Mom admires daughter's compassion

February 14, 2013|Amy Dulebohn

A few weeks ago my baby-sitter asked me if I could have a family member watch my daughter for a few hours the next morning. The reason was because she had to take her kids to the dentist, and she thought it would be best if my 2 1/2-year-old didn't have to accompany them.

She went on to say that she could picture my daughter trying to look into her 4-year-old's mouth while the young patient sat in the dentist's chair, and ask throughout the appointment, "Are you OK, ho-ney?" I could imagine the scenario quite well, too. While the sentiment might be lost on her young friend, my daughter is nothing, if not, compassionate.

Her caring nature is apparent even when playing with her dolls. She handles them very gently, and often asks, in her softest mothering voice, how they are doing, if  they are warm enough, hungry, thirsty or need anything else. It's fun and touching to watch, but even more enjoyable when she puts into practice in real life.

Anytime we are out and she hears a baby crying, or even fussing, she asks me what's wrong. When I reply I don't know, she asks if she can go over find out from the baby's mommy or daddy what the issue is.

Once we were at the hospital for a blood test, and instead of worrying about being pricked with a needle, she asked if she could visit patients to "see how they are feeling."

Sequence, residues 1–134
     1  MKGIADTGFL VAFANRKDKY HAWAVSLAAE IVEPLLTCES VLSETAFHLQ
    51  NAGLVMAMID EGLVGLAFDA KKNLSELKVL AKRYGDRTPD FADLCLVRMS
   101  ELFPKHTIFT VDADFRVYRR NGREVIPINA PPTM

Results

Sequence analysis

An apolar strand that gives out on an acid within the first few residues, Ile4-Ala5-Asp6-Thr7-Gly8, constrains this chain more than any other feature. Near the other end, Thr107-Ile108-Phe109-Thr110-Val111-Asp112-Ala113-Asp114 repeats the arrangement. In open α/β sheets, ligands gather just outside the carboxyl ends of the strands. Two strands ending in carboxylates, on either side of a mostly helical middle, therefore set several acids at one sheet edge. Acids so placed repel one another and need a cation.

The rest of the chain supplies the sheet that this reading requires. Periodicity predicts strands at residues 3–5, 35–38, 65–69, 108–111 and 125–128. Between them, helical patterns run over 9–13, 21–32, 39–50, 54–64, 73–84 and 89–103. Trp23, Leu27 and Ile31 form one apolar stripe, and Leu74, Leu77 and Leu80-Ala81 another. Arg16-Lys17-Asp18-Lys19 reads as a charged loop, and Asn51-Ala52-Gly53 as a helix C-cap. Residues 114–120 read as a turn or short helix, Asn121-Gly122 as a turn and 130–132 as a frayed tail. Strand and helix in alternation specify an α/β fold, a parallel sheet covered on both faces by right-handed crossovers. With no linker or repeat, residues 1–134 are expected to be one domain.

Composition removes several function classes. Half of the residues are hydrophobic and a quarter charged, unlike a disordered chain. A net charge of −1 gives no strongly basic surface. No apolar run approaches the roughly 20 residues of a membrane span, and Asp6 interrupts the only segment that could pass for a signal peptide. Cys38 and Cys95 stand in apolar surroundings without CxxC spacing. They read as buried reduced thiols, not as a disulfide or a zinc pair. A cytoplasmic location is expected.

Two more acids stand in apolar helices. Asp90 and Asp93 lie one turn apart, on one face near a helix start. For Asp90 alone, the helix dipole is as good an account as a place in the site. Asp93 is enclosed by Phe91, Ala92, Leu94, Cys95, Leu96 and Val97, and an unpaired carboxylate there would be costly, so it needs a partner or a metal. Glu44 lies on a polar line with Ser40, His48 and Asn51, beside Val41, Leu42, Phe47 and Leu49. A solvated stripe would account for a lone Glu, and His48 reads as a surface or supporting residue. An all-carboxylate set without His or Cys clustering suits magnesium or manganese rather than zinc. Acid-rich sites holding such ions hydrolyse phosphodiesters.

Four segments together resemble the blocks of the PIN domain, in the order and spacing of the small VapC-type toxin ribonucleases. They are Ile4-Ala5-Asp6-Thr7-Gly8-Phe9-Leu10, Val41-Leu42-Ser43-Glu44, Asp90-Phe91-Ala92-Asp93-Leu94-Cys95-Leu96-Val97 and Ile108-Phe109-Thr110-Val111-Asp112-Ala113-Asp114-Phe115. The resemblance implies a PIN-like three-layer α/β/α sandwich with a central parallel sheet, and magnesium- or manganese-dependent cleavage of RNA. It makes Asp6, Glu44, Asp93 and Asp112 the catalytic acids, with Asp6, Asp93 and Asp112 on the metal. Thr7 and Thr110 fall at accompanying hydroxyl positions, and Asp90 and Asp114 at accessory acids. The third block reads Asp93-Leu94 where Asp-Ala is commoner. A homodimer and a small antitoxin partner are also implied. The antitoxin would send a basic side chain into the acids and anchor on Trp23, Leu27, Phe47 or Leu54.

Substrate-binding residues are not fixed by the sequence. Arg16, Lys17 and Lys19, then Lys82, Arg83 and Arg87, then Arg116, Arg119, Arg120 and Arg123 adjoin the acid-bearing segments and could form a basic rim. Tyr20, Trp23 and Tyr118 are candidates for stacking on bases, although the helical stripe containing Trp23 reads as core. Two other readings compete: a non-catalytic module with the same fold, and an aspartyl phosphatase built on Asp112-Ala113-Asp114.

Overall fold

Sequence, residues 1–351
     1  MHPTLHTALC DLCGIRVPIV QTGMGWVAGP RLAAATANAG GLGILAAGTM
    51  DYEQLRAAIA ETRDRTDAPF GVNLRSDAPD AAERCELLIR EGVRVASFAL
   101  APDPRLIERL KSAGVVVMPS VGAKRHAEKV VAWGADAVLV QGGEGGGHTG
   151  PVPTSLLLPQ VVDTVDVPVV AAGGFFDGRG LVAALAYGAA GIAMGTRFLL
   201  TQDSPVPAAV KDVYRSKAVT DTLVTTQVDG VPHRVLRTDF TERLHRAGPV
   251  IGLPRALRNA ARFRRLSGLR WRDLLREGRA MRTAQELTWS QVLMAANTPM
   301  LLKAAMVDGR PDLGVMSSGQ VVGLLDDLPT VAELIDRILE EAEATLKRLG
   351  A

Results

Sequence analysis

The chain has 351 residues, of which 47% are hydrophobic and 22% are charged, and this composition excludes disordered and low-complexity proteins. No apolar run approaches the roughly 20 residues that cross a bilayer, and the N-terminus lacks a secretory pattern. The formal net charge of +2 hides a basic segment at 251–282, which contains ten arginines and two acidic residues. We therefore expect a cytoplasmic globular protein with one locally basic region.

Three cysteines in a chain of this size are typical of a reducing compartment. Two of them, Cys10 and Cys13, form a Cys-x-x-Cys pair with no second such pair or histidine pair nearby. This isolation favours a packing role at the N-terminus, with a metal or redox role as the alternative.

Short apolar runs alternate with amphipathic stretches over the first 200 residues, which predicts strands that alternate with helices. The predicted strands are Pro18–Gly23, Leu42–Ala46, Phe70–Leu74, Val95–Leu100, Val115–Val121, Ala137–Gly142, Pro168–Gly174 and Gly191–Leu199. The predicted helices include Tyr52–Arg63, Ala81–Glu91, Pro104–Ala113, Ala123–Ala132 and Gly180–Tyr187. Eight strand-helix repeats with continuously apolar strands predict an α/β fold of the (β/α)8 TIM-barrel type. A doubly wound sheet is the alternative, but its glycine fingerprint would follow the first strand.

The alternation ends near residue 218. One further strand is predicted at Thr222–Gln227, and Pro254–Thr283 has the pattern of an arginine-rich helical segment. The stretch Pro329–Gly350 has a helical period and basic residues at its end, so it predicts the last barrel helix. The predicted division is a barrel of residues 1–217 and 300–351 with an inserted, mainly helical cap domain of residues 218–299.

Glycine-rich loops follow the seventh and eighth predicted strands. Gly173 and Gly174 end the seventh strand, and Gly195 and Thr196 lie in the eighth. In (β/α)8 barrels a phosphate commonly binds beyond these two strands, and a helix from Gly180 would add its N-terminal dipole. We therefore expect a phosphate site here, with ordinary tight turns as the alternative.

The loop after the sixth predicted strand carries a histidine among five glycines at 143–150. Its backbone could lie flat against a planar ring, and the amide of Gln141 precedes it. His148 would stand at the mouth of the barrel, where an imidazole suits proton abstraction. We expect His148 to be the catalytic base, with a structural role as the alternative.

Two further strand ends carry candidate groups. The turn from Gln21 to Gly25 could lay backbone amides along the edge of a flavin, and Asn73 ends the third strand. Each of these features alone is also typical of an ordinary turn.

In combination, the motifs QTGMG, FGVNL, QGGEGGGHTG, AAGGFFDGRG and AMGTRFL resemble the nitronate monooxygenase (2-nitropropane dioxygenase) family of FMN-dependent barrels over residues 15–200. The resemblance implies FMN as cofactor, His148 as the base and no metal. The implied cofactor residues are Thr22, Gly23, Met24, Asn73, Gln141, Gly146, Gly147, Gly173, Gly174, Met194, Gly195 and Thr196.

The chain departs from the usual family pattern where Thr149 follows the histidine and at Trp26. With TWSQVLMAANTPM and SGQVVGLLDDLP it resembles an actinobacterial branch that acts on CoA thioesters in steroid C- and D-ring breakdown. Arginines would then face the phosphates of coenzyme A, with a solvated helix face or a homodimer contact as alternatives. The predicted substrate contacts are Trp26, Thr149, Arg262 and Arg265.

Recently, I had a freak accident at home resulting in a mild concussion. After I spent most of the day at the emergency room, I was released and went to pick my daughter up. When we finally got home, I told my daughter she needed to try to be quiet and listen to me because I wasn't feeling well.

"Why?" my daughter demanded to know.

"Mommy hit her head and it hurts very badly," I replied.

"Are you OK?" she asked.

"Yes, I'm fine, but my head hurts and I need to rest," I told her.

"Let me kiss it for you, and you'll feel m-u-u-u-u-ch better, Mommy." 

How could you not feel better after such treatment?  

A few days later, I picked her up and got a sudden, sharp pain in my back. When I cried out, she wanted to know just where the pain was and she proceeded to jump out of my arms and reach up to rub the afflicted area for me.

At last, a mini-masseuse!

I try to treat my daughter with the same compassion she shows me. Perhaps that's how she's learned to be so caring. In any case, I couldn't be more proud of her. In a society dredged in self-centeredness, her personableness is a breath of fresh air.

I can understand that everyone might not like her compassionate approach, but just as I will always be there to pick her up when she's sick or in pain, I will never complain when she does the same for me.

First-time mother Amy Dulebohn is a page designer and feature writer at The Herald-Mail. Her email address is

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